Asked if he would block it, he said "of course not." So there you have it. This obviously makes passage much simpler in the Senate.
UPDATE (12:15 p.m.): Next Step for the House? After a Vote, Everyone Goes Home
After passing the Senate's bill to reopen government and lift the debt ceiling, House GOP leaders will allow members to adjourn for the rest of the week—and possibly into early next week—according to congressional aides familiar with the plans.
Speaker John Boehner and his lieutenants will hold-off on releasing members to leave Washington until after the Senate follows the House in also passing the measure. That's just in case some last-second change force the bill to get sent back Wednesday night.
But once that happens, House members will be given the green light to leave—and get started on spinning what's just happened to constituents back home in their districts.
Before the Senate-prepared debt ceiling and government funding bill can arrive on the House floor for a vote, it must first see the measure go through the House Rules Committee. According to congressional aides familiar with the plan, the committee is expected to pass the rule setting the floor procedures in a "voice vote."
The House will then take a previous version of a House resolution—and disapprove of previous Senate amendments. Then, it will substitute for those a new amendment, which in essence will be the plan worked out are what Senate Majority Leader Harry Reid, D-Nev., and Minority Leader Mitch McConnell, R-Ky.,have just worked out.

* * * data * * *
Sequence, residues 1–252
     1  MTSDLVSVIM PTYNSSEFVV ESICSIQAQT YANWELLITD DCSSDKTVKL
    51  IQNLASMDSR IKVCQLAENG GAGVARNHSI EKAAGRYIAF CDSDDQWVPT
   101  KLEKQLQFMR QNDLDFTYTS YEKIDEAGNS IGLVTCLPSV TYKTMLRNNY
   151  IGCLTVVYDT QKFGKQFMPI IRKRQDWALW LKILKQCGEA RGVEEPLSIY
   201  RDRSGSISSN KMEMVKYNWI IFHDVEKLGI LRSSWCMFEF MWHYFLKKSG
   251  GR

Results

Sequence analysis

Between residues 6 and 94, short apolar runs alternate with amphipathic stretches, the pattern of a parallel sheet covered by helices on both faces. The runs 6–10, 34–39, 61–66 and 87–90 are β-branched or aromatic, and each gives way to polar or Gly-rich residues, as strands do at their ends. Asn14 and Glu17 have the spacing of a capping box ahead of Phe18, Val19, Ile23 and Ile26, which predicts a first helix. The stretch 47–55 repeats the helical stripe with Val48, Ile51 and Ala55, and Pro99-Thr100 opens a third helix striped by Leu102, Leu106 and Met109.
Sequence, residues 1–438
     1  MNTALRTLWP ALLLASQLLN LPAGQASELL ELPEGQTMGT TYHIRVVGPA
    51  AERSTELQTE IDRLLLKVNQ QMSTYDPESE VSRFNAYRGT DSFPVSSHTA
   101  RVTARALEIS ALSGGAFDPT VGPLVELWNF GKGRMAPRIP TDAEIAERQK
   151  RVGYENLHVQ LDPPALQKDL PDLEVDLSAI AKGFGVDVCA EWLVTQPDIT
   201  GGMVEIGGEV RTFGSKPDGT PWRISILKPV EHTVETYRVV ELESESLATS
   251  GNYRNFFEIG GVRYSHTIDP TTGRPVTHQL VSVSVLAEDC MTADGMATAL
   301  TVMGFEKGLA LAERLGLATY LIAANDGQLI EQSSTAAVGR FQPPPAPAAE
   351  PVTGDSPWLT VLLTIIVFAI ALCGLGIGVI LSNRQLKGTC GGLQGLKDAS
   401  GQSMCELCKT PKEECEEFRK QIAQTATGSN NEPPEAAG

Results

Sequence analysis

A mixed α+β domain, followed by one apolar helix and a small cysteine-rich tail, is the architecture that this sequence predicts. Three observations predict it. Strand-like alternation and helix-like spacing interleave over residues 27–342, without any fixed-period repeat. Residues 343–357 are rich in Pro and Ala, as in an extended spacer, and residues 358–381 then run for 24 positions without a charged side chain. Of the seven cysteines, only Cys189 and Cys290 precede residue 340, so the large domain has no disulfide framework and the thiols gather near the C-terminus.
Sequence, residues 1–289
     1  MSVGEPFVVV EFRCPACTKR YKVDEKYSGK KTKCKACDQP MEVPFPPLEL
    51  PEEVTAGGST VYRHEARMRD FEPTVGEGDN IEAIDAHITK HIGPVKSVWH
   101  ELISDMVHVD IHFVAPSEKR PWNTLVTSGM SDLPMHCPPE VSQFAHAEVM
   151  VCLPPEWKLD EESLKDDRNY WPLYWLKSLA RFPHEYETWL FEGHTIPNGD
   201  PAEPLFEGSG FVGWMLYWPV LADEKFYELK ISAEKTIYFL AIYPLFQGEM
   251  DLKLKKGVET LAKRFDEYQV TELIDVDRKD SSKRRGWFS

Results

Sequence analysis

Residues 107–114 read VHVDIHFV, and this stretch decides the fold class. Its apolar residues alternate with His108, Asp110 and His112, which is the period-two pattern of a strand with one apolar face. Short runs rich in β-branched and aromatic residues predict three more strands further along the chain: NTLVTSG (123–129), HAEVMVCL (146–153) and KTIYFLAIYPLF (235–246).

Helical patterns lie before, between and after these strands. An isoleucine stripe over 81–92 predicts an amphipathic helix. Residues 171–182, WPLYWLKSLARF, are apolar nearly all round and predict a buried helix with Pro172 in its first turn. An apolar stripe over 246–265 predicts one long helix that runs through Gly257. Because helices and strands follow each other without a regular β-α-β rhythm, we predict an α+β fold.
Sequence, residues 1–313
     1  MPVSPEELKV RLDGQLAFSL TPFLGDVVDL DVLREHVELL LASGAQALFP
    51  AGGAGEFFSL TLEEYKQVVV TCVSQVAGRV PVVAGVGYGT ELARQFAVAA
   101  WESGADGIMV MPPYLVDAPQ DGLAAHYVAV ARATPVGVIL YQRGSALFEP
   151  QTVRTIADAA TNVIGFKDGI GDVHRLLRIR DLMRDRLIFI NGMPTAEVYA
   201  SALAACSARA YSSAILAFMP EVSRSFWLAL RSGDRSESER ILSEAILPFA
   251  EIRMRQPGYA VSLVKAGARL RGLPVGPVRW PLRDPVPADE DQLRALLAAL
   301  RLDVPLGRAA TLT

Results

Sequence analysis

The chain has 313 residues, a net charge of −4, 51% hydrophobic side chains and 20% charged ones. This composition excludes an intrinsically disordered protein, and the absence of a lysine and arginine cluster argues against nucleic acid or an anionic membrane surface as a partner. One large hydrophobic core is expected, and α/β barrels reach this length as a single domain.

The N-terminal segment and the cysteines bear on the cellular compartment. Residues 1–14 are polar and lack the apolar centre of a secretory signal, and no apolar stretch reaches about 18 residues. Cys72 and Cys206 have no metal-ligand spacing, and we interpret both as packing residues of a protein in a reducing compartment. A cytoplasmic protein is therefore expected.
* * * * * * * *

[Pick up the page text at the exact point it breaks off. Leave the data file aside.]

After passage, the bill will be sent to the Senate, passed there, and then is expected to be signed by the president. (By Billy House)
UPDATE (12:03 p.m.): The Senate Is In
Sen. Harry Reid has taken the floor and is waiting on Mitch McConnell before speaking more on their debt-ceiling deal. In the meantime, Reid paid tribute to the Senate chaplain before calling for a roll to buy some time. Oh, and C-SPAN 2 is playing some trumpet. (By Matt Berman)
UPDATE (12:00 p.m.): Even With a Deal, the Damage Has Been Done
Deal or no deal, the country is already paying a price for Congress' brinkmanship, and it's being done to the country's most valuable financial asset: the world's full faith in its credit. Read more here from Patrick Reis.
UPDATE (11:50 a.m.): John Boehner's Speakership Could Be Safe
That's even if he puts the Senate plan on the floor without getting a majority of Republicans to vote for it. House conservative Rep. Raul Labrador said this morning that he is "really proud" of Boehner, and that he has "nothing to worry about right now."
Part of the reason for that? House conservatives may catch a break with the new deal. They get to vote no on the plan, and they don't have to have the weight of a default crisis hanging on them as a consequence.
And as Matt Vasilogambros writes, worries over Boehner's speakership in the past have all been for naught. So far at least, he's proven to be quite resilient. (By Matt Berman and Billy House)